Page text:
The four steps of coping with e-mail rumors
BOSTON — Rumors have been a part of war since ancient times, when an unsubstantiated report of elephant-riding raiders or a particularly bad omen could send waves of refugees streaming across the countryside. It's therefore unsurprising that the war on terrorism has created the online equivalent of the gossip dished out by villagers huddling over the local well.
For example: a group purporting to be the United Nations has been bothering a friend of mine. Through an online petition, helpfully passed along by an acquaintance, the world's global cop has supposedly been assembling its most powerful weapon for world peace: a giant, randomly assembled list of personal email addresses.
"Today we are in a point in imbalance in the world and are moving toward what may be the beginning of the THIRD WORLD WAR," begins the email, which has a strangely un-UN habit of using all caps for emphasis.
"If you are against this possibility, the UN is gathering signatures to avoid this tragic world event. Please COPY this e-mail in a new message, sign at the end of the list, and send it on. If you receive this list with more than 500 names signed, please send a copy of the message to:
Even if you decide not to sign, please consider forwarding the petition on instead of eliminating it."
Ah, the UN. Who would have thought that this grand collection of nations would sink so low as to garner support through an online petition?
But a bit of research reveals that this isn't the UN's handiwork at all.
The "UN petition" was helpfully debunked by Snopes.com, a site dedicated to investigating and exposing urban legends and Internet rumors. It refers its readers to the United Nations Information Centre, where a statement gently sympathizes with the root motivation of the e-mail petition, while disavowing any official UN involvement whatsoever, and begging people to stop e-mailing them about it.
The supposed UN petition is merely the latest in a string of terrorism related hoaxes. In another incident, a minor national panic was created by a particularly convincing email forward. The email supposedly came from a woman with a vanished Afghan boyfriend who had warned her of terror strikes on Halloween. Investigated by the FBI, it turned out to be completely unsubstantiated - like the vast majority of fascinating "friend of a friend" type email forwards and petitions that buzz around the Internet in troubled times.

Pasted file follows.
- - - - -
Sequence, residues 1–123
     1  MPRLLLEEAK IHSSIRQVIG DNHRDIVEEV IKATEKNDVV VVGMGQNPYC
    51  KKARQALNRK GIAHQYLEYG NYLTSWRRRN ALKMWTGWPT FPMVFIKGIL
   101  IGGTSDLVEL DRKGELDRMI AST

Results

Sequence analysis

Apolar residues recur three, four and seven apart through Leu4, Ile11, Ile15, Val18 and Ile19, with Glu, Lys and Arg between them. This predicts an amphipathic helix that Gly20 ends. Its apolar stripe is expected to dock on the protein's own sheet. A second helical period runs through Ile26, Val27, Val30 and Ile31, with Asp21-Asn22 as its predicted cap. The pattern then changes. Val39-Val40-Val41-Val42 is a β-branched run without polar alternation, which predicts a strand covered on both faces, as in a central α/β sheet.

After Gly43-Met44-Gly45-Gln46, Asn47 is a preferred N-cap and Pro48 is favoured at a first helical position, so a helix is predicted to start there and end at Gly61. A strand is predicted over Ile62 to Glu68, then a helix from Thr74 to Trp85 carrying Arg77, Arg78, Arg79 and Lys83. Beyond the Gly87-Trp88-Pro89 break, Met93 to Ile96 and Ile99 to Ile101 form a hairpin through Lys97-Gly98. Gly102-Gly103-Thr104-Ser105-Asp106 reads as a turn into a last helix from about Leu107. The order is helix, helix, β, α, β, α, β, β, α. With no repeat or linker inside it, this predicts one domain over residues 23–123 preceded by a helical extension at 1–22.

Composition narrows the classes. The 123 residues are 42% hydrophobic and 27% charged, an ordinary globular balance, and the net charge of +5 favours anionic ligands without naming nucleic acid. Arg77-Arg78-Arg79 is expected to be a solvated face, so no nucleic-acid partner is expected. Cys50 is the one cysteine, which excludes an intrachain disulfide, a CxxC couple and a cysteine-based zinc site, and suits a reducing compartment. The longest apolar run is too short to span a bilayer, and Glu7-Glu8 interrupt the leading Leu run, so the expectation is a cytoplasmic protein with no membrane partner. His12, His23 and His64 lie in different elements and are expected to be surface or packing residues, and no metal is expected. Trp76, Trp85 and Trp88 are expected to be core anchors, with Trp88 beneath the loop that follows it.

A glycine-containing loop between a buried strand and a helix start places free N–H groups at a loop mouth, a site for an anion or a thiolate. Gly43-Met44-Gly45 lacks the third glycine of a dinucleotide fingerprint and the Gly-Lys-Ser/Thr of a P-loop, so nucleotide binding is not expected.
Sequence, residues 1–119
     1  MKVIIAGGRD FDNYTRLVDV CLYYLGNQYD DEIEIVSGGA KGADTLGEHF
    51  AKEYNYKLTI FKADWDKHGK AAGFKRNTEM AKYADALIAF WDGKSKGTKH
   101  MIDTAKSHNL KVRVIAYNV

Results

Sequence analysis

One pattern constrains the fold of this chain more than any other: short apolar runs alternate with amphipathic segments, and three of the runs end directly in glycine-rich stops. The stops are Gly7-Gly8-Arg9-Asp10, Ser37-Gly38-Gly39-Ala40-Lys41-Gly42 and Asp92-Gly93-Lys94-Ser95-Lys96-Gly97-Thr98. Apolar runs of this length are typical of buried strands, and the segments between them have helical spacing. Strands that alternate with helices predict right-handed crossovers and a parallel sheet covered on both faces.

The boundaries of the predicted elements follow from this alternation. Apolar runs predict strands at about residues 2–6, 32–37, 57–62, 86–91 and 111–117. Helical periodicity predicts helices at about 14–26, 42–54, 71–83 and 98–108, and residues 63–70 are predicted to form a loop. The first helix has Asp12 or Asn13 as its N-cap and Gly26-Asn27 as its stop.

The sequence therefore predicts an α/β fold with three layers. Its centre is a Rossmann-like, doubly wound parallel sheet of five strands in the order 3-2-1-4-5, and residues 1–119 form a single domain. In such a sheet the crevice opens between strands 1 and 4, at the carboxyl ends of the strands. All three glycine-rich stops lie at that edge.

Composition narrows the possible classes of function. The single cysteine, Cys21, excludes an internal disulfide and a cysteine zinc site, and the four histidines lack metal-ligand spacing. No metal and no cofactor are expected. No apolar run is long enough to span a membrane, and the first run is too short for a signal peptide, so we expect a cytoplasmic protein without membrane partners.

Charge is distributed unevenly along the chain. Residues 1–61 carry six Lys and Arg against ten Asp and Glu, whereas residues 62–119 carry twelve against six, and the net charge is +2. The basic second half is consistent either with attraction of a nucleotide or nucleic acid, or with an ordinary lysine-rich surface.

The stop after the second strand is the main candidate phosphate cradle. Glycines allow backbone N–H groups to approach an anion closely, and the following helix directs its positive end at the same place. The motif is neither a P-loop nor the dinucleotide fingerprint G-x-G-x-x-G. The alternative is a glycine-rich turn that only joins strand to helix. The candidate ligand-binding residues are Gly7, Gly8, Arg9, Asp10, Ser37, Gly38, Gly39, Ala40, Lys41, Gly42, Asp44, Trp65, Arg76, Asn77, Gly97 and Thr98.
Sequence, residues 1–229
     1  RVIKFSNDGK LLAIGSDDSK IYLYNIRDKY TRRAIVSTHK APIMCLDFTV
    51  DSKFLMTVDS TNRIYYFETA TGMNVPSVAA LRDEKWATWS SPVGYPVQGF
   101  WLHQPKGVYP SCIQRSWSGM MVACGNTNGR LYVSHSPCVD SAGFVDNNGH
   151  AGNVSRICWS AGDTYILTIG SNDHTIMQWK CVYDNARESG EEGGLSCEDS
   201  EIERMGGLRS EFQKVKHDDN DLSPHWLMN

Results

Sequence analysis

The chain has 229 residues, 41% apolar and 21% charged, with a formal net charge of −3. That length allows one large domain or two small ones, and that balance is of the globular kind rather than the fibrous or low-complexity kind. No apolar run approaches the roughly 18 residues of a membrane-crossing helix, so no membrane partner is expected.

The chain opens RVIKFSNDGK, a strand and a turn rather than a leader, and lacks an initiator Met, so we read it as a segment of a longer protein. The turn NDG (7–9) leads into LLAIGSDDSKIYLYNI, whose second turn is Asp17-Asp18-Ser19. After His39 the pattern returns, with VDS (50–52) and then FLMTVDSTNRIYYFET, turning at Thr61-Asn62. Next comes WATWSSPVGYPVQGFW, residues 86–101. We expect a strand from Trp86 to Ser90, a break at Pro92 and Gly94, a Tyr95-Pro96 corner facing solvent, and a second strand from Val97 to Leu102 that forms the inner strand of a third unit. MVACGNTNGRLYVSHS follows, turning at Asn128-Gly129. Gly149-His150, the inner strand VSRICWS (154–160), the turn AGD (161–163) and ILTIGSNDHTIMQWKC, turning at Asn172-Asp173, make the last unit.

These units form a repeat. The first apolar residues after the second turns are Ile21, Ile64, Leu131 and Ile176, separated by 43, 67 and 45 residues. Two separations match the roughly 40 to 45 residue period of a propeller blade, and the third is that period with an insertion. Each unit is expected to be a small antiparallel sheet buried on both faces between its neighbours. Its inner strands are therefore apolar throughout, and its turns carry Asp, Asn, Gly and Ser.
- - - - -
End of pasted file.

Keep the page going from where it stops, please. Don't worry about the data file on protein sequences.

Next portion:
As the hype mounts, and more and more of us find ourselves on the receiving end of war-related rumors and hype, it's likely most of us will go through an evolution of attitude eerily similar to Dr. Elisabeth Kübler-Ross's famous stages of dying.
Step 1: Acceptance
The recipient is deeply moved by the online effort to [insert one] prevent World War III/ spread the true prophecies of Nostradamus / win a free trip to Disneyland, and participates by passing the email along to 40 or 50 close friends and relatives.
Step 2: Anger
Having been the victim of a near-infinite number of previous dubious communiques, the recipient lashes out at the most recent e-mail's point of origin. "How can you be so incredibly foolish as to fall for a scam such is this?" rages the recipient, who, at one point or another, was probably shocked to learn that the initials "JS" on every US dime actually stand for "Josef Stalin."
Step 3: Irony
"Thanks for passing along the fascinating e-mail about Nostradamus," begins a typical reply. "Who knew that his wise words could be so relevant in this modern day and age? I'm sure you've done your research to ensure he actually wrote all the things this e-mail claims he did, and that you've accepted the disturbing and ridiculous spiritual implications of a random 14th century Frenchman being able accurately predict the future.
I look forward to many more unsolicited nuisance emails from you and your ilk."
Step 4: Acceptance (realistic)
The recipient reads the email, sighs poignantly, and deletes it before moving on with life.
We may not all make it to the fourth and final step before the crisis subsides, and with it, the tidal wave of ridiculous digital misinformation. But those of us who have evolved the perfect, Zen-like coping mechanism for handling e-mail forwards harmonious and complete indifference will lead happier lives, and help keep our Internet just a little bit cleaner. It's a win-win.